How Higher Ed Leaders Are Making Great Teaching a Priority on Their Campuses

ACUE session panelists – acue.org
Panelists before ACUE's concurrent session at ACE's 99th Annual Meeting; From left to right, Amy Chasteen Miller, Lenore Rodicio, Jane Gates, and Penny MacCormack
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How can institutions ensure that effective instruction is a key component of their student success plans?

That question was at the center of a lively discussion at ACE2017 on Sunday afternoon. In the concurrent session titled Great Teaching Is No Longer Optional, college and university leaders shared fresh insights on how they are implementing new programs designed to improve instruction on their campuses.

Lenore Rodicio, provost at Miami Dade College, said the traditional “menu” of student success initiatives does not address the core teaching and learning that takes place between faculty and students.

“What’s critical is the experience that students have with faculty on a day-to-day basis inside the classroom,” said Rodicio.

Caption: A slide from ACUE’s presentation at ACE2017 shows that many student success initiatives do not directly focus on classroom instruction.

Joining Rodicio were Amy Chasteen Miller, Vice Provost at the University of Southern Mississippi and Jane Gates, Provost of Connecticut State Colleges and Universities, a system of 17 institutions and 85,000 students. All three leaders have implemented ACUE’s online training and credentialing program as part of efforts to improve student outcomes on their campuses.

Panel moderator and ACUE’s Chief Academic Officer Penny MacCormack shared that the dramatic increase in adjunct faculty reinforces the need for a comprehensive training program in effective instruction. “Faculty whose primary responsibility is to teach deserve support to do the job we expect them to do,” she said.Changes to the academic workforce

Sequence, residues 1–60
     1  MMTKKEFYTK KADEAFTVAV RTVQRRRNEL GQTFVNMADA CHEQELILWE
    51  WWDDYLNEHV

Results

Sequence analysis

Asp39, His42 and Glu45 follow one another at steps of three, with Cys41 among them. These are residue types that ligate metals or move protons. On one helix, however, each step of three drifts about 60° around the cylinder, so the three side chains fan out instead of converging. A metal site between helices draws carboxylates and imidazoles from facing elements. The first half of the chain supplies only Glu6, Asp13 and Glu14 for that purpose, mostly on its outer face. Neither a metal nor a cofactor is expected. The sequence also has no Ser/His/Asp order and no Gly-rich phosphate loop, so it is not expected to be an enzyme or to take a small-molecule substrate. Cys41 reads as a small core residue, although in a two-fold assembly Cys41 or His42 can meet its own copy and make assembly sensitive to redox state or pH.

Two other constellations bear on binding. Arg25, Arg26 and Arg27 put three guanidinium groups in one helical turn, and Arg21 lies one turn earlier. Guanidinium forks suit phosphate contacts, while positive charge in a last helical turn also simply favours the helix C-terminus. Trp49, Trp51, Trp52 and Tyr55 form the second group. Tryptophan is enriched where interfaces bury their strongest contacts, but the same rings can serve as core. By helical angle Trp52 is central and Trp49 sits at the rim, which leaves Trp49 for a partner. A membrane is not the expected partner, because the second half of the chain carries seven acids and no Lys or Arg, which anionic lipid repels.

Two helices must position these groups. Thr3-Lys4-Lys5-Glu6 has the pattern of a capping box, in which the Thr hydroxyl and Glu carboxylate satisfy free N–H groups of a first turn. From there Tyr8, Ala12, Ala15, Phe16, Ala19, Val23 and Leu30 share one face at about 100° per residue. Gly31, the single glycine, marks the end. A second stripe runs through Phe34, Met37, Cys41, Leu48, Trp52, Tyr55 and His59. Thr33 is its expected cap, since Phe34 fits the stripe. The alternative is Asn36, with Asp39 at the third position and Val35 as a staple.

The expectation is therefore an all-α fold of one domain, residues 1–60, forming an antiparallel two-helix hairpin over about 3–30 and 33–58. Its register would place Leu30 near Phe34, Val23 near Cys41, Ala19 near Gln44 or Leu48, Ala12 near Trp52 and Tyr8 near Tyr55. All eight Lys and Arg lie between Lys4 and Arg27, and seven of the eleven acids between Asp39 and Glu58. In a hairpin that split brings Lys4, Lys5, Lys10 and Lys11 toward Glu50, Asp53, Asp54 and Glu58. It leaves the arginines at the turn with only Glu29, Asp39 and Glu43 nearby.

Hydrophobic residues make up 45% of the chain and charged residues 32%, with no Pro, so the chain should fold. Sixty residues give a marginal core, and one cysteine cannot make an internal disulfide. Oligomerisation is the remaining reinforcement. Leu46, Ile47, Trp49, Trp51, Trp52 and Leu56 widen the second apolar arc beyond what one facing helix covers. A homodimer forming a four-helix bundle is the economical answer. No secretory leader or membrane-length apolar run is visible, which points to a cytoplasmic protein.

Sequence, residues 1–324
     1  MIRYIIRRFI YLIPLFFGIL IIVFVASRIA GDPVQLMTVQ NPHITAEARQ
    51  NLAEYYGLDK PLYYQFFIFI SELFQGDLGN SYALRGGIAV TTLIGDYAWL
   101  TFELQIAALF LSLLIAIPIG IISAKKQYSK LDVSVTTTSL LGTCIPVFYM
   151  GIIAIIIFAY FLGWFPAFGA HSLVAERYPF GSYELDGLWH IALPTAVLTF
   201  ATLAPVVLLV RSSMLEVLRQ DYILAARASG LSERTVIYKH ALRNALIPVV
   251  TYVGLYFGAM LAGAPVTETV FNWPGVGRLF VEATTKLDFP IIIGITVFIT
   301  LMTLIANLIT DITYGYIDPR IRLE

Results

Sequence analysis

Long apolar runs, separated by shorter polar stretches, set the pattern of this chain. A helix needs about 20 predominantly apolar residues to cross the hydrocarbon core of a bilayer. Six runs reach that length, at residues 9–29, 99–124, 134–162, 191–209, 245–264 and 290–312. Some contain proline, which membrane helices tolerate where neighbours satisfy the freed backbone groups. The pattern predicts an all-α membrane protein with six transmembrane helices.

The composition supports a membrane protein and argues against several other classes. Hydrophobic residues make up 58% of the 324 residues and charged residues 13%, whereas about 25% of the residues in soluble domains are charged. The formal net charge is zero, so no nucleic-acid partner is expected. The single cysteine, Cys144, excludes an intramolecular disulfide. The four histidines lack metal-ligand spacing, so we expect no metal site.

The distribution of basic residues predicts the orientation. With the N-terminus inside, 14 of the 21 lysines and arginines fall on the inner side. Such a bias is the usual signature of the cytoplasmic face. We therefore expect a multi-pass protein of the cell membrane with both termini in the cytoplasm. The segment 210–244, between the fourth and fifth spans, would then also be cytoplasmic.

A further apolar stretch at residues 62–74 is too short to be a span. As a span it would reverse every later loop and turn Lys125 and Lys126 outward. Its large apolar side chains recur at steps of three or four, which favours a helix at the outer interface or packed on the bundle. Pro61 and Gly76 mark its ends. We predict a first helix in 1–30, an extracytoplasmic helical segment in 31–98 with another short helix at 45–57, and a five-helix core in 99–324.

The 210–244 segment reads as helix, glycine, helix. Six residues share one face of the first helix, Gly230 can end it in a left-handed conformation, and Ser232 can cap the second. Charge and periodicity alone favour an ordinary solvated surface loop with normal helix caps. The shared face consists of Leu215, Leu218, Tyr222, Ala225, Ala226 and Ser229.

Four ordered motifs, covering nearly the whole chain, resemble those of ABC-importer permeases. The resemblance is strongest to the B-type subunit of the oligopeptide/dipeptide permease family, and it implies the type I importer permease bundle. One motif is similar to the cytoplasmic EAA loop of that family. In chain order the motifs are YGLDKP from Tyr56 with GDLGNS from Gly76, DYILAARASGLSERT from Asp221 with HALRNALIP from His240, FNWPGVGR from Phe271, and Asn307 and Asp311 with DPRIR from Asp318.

Caption: A slide from ACUE’s presentation at ACE2017 reveals a transformation of the professoriate over the last 40 years. 

College and university presidents often express concerns that faculty may bristle at efforts to improve teaching. The panelists said their own reservations quickly dissolved once their faculty had an opportunity to learn about and participate in the program.

“Across the system there is excitement from faculty,” said Gates, the provost of CSCU, which launched ACUE’s program at four campuses in January. “They’re saying ‘Ah here’s a new approach that I haven’t thought about before.’ There is now a waiting list of faculty who want to become a part of this project.”

At Southern Mississippi, Miller said faculty were sold because ACUE’s recommended teaching techniques are steeped in four decades of research. “That was critical for faculty buy-in,” said Miller.

As the discussion came to a close, the panelists discussed the positive impact that their initiatives are having on faculty and students. Rodicio shared a moving story about a seasoned humanities professor who said he struggled for years to engage his students in material for an introductory course. After the professor implemented a series of techniques he learned from ACUE’s Course, Rodicio said he became emotional when talking about how it had improved his classroom.

“The experience literally moved him to tears because for years he’s been teaching and he had never seen that level of engagement.”

 

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